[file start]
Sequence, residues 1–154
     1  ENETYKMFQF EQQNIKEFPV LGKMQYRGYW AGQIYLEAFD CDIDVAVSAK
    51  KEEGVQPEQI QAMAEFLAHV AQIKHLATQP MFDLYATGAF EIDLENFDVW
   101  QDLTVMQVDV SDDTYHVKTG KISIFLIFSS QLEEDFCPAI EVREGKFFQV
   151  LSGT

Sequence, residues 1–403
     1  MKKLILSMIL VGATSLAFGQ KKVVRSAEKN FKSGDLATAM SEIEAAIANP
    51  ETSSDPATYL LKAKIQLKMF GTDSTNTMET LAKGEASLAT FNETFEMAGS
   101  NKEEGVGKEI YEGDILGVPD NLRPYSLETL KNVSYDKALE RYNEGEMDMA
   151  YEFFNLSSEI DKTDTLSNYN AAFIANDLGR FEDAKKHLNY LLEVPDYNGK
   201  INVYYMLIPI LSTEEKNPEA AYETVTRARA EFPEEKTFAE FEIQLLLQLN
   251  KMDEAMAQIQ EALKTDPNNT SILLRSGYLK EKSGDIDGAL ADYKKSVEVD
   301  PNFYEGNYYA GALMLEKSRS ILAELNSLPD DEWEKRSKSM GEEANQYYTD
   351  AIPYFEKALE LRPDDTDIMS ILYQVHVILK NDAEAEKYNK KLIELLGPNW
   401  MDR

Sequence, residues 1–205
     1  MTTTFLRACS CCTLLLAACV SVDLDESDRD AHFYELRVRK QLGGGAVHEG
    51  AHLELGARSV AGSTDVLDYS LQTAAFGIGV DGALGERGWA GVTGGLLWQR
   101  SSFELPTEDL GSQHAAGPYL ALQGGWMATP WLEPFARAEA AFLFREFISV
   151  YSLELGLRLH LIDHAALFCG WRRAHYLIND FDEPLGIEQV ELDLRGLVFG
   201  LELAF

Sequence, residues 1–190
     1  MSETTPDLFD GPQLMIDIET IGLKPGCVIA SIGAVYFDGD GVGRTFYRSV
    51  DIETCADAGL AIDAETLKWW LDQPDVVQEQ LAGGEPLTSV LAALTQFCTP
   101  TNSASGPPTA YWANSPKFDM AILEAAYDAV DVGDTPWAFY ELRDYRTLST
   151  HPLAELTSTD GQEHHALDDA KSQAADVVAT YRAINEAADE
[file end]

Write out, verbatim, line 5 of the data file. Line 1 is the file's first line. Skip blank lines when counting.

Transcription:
   151  LSGT